What is Tai Chi?
Gentle, flowing movements with some hidden, natural rhythm, as though in harmony with the very universe – a mystical balance of mind, body and spirit.
At least, that is what it seems to embody to the casual onlooker. Although it is good for relaxation and balance, as an antidote to the stresses of modern living, it may come as a surprise that it was not always like that.
What is Tai Chi and its origins?
The origins of the physical practice of Tai Chi are obscured by time but one thing is certain, which is that it started out as a Chinese martial art, which may come as a revelation to many people. However, these days the martial side is very rarely taught in mainstream classes, like its philosophical name sake, continues to grow and change and adapt to modern lifestyle.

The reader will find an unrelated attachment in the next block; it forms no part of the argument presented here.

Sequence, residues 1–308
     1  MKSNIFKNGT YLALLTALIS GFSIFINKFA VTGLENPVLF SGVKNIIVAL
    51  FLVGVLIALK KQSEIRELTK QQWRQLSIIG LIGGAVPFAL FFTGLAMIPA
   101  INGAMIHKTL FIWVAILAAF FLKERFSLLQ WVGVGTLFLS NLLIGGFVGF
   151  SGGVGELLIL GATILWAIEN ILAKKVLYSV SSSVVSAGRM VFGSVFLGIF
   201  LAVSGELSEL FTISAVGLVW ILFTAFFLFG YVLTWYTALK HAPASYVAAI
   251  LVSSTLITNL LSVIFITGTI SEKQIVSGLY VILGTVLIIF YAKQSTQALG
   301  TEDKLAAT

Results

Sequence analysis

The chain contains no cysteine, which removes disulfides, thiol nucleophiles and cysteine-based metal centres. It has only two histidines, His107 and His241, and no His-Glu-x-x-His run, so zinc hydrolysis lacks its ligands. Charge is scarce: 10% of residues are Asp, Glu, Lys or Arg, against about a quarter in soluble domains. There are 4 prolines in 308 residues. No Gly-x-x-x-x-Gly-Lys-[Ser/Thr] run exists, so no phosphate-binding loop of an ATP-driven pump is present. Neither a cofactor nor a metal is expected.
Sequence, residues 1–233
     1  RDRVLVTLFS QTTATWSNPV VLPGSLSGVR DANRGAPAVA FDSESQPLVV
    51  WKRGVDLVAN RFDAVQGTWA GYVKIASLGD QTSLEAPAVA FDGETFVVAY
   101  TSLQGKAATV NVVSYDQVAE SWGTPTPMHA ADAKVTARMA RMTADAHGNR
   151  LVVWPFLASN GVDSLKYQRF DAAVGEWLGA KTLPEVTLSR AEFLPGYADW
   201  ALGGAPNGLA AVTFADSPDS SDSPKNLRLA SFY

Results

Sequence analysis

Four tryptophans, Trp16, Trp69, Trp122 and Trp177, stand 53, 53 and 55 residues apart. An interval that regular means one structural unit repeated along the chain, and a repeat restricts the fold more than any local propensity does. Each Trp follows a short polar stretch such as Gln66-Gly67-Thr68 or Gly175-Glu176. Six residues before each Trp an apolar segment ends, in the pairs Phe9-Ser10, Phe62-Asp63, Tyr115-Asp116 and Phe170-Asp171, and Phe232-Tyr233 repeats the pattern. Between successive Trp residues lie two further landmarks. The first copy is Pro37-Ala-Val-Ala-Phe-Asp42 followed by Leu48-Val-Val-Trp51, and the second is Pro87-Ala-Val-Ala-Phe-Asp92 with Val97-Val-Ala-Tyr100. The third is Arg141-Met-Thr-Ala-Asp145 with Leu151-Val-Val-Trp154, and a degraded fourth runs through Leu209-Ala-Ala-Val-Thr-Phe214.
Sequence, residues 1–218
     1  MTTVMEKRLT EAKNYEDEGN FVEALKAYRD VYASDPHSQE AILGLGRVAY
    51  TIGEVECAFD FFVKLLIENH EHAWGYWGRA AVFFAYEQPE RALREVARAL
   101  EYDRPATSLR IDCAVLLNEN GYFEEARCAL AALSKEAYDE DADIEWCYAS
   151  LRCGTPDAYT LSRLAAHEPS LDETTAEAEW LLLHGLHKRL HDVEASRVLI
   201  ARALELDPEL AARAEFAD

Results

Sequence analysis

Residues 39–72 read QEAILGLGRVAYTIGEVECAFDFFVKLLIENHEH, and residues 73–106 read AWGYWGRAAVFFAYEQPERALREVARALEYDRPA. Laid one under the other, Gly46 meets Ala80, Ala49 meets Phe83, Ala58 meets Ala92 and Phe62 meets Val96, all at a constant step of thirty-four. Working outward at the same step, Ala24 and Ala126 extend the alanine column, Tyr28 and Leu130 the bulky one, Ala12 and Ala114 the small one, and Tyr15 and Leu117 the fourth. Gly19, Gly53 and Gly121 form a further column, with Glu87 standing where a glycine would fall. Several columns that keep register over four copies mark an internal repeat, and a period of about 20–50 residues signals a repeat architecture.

It can also be written Tai Ji meaning supreme ultimate or the harmony of Yin and Yang and the continuous change it represents. That is one of the reasons why there are so many variations in terms of style, content and method. These days it is primarily taught and people seek it out, as a form of moving meditation.
Practice is usually centred on a series of continuous moving postures, called a routine or form, that strengthens the body and increases flexibility. Tai Chi can be a a great way back into exercise for people in their middle and older ages or for simply just taking time out for themselves.
Whatever the reason or physical condition you find yourself in, Tai Chi will fit around you.
The type of methodology it promotes does not push you, sweating and out of breath, to your breaking point; rather it advocates relaxation, gentle mobilisation of joints, development of good posture and sense of enjoyment.Different classes might do a different style or length of routine. They might teach simple or complex routines but whatever the content, remember Tai Chi should slowly bring you back to an internal sense of tranquility and external sense of harmony and wellbeing.